But in short, WordPress.com is entirely separate from WordPress.org. It is a hosting plan provided by the creators of WordPress.org, Automattic, and is a suitable solution for bloggers starting small. WordPress.com is much more limited than WordPress.org, with many more rules for ad placement, themes, plugins, and more.
WordPress.org, however, refers to the WordPress open-source software you can install on any website you build, no matter what hosting provider you choose. You also own your website and its data, and you can easily transfer it to another host if you want to. It’s the most-used content management system (CMS) in the world and is highly customizable.
What Kind of Websites Can You Build With WordPress?
Whether you’re a beginner or not, you can build a wide range of websites using WordPress. Let’s go through some of the most popular options WordPress is used for.
When WordPress was introduced in the early 2000s, it was primarily a blogging platform. Therefore, it’s an excellent platform for communicating your message. You can write and publish posts within minutes and easily share them on your social media platforms for greater exposure. Although there are other blogging platforms, such as Blogger and Medium, no other platform is as customizable.
Using WordPress to showcase your work is a great choice if you’re a photographer, graphic designer, or web developer. Out of the box, WP allows you to embed videos, image galleries, and other media, so creating a portfolio website is a breeze. You can use a generic WordPress theme to feature your work or a portfolio theme, such as Bridge, to give the world a glimpse into your creative body of work.
Learning Management Systems (LMS)
In addition to more broad-spectrum websites, WordPress can create the most elaborate learning management systems. With LMS plugins such as LifterLMS or Learndash, you can create courses, quizzes, and lessons, add a paywall, and sell access to your content.
WordPress is a great choice if you’re looking to build a membership website. Through a membership plugin such as MemberPress, you can create membership levels, assign content to those levels, and make money.
Forums are excellent for building an online community of like-minded individuals. Using WordPress and a forum plugin like CM Answers, you can easily bring your forum to life in a few steps. CM Answer’s PayPal and Stripe integration allows you to monetize your forum, providing a good way to earn extra income.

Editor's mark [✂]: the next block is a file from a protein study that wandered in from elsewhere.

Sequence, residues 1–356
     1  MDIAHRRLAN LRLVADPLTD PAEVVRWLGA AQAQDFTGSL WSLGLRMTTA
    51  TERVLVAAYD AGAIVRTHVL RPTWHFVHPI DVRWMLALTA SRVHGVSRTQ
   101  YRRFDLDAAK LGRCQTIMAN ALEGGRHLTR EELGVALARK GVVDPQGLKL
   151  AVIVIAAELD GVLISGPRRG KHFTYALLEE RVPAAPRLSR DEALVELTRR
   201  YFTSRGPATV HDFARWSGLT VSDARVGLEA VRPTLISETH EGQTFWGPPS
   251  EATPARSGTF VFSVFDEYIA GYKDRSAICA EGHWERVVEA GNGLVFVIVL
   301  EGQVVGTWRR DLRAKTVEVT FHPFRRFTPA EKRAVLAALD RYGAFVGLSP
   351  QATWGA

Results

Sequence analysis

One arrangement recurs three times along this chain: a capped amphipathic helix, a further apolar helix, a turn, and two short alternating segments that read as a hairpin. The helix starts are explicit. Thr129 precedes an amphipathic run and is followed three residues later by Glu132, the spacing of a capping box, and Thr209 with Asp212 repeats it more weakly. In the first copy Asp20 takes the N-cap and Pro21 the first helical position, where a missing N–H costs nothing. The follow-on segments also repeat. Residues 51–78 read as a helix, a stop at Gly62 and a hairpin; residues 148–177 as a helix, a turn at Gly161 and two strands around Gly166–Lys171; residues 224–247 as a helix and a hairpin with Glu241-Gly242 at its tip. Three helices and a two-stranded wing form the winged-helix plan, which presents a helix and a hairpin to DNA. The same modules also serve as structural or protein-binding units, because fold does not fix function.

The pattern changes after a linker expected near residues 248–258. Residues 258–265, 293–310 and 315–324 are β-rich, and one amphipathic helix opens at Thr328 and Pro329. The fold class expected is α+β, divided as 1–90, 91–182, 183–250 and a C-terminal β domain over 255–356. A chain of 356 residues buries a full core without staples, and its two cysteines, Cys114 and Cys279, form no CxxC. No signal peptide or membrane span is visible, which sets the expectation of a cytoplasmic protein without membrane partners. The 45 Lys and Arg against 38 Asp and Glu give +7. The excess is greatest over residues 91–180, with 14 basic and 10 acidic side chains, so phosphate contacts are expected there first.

Why You Should Use WordPress
There are many reasons why WordPress is the most popular tool to build a website. Let’s go through some of the most important ones.
First of all, WordPress is free. It’s open-source, so you won’t have to pay a dime for it. To create a website that matches all your criteria, however, you’ll likely need to buy premium products that go with your WordPress website.
So, yes, WordPress is free, but depending on your customization needs, there are hidden costs like themes and plugins. And let’s not forget hosting. Any website you want to share with the World Wide Web must be hosted somewhere. Some free hosting options exist, but you’ll most likely want something more fitting. If you’re looking for a suitable host, make sure to check out our top recommendations when it comes to WordPress hosting.
Extensive Customization Options (themes, plugins, etc)
As previously mentioned, WordPress comes with nearly unlimited customization options. WordPress is the most customizable CMS on the market, using themes, plugins, custom CSS, and HTML. Whether you’re a beginner or a seasoned web developer, you can use WP to build the website of your dreams.
Easy to Use
Another benefit of WP is its ease of use. For new users, there is a learning curve. That said, it doesn’t take long to learn WordPress. Once you get the hang of creating posts and pages, you’ll be amazed at how easy it is to build a website.
Extensive documentation (WordPress Blogs, Tutorials, etc)
While the platform does have a slight learning curve, there are countless tutorials and blogs out there (like ours) to help you along the way. This is especially true for our own theme, Divi, which has an extensive documentation library with more than 90 easy-to-follow tutorials that will help you become a WordPress guru in no time.
One of the reasons WP is so popular is because of its SEO-friendly nature. Out of the box, it comes with features that make Google happy. For example, WP alerts Google whenever you upload new content to your website. Because of this, WP websites are more likely to get a bump in the SERPs faster than a static HTML site would. Combining WP’s built-in features with a quality SEO plugin like AIOSEO allows you to add keywords, metadata, and rich snippets. You can also add a good SEO tool to track your keywords, analyze rankings, and look for opportunities to improve your search engine rankings.